An average of five people are being euthanised every day in Belgium, according to new figures.
The statistics, published in a French-speaking newspaper in Belgium, show that in 2013 cases of euthanasia increased by close to 27 per cent compared to the previous year.
The newspaper, ‘Sudpresse’, said: “You could say that currently there are 150 cases of euthanasia per month in Belgium or, even more telling, five people euthanised a day”.
Of the 1,816 cases last year, over half of the people euthanised were aged between 70 and 90.
Those who were under 60 amounted to 15 per cent of the total, and cases of 90-yr-olds and over being euthanised made up seven per cent.
In March this year, the king of Belgium signed into law a Bill which made the nation the first country in the world to allow euthanasia for terminally ill children of all ages.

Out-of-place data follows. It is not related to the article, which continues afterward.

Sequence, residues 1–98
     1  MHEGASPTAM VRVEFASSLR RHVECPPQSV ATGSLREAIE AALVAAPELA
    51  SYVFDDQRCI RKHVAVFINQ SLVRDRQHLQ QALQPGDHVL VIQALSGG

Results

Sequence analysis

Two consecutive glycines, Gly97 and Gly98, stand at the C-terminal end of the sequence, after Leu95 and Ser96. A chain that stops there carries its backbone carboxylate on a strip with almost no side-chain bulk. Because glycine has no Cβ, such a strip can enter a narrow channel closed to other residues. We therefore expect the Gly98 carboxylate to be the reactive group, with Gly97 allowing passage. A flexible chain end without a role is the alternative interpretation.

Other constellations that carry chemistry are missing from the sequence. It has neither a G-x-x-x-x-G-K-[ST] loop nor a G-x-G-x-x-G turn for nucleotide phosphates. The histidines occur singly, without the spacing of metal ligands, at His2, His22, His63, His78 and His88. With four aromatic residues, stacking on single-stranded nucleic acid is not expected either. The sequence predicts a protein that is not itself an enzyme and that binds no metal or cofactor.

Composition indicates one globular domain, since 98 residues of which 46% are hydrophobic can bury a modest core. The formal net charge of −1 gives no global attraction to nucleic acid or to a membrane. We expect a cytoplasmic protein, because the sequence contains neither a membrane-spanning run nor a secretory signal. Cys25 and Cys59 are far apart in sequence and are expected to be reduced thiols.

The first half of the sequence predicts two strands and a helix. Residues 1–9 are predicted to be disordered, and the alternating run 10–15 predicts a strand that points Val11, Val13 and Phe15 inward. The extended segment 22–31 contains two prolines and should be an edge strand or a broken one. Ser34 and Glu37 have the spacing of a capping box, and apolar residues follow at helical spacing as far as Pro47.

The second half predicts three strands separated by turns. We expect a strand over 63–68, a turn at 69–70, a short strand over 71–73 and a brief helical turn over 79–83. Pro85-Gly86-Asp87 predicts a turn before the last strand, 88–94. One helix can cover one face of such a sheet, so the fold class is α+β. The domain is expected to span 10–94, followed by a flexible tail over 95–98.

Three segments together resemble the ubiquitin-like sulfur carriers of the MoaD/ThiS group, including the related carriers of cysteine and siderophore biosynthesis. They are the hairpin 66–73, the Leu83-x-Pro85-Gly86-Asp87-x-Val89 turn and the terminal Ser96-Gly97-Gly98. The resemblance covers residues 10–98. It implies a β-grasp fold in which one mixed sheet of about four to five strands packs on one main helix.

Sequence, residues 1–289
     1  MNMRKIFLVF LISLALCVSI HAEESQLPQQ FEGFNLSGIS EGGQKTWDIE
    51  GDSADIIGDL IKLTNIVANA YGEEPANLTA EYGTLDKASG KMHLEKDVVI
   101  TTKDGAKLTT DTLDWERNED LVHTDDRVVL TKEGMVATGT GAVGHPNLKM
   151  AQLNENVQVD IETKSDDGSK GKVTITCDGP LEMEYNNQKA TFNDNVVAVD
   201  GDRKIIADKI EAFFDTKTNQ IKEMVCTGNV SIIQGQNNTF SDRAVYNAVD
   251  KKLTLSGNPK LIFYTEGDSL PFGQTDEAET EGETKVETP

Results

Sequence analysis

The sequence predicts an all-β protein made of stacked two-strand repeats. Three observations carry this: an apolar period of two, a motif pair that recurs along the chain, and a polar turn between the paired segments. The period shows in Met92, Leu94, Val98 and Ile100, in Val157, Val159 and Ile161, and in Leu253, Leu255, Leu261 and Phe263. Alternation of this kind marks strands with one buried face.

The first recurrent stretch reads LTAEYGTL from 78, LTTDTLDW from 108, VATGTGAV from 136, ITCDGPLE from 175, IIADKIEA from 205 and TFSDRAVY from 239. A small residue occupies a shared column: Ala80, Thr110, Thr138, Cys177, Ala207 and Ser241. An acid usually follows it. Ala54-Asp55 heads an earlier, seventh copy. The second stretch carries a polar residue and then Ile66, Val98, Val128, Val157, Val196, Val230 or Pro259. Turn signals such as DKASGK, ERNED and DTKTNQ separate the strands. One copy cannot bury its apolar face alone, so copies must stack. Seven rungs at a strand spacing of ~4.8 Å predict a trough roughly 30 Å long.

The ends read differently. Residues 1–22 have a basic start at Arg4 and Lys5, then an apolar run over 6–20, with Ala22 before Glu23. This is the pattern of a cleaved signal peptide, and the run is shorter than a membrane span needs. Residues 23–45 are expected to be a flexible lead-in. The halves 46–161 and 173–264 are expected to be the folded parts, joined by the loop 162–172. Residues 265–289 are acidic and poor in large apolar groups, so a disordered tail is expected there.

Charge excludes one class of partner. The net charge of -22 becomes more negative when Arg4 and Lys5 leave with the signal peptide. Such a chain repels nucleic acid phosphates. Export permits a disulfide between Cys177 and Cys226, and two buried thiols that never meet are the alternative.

The Bill became law despite widespread opposition, including a 200,000-strong Europe-wide petition which was delivered to King Philippe urging him not to sign the Bill.
Following the introduction of child euthanasia in Belgium, the Chief Executive of UK disability charity Scope said lots of people in Britain, “not least disabled people”, “are really worried at the way we seem to be edging towards a change in the law”.
Richard Hawkes also called for politicians to “guard against community bullying” of society’s “most vulnerable members” when the issue is discussed in the Westminster Parliament later this year.
A woman in Belgium ended her life last year by euthanasia after a sex change operation did not meet expectations.
Nancy Verhelst, known as Nathan, was euthanised on the grounds of “unbearable psychological suffering”.
And identical Belgian twins were also killed by lethal injection despite not being terminally ill.
Marc and Eddy Verbessem, who were born deaf, sought euthanasia after discovering they were both going blind.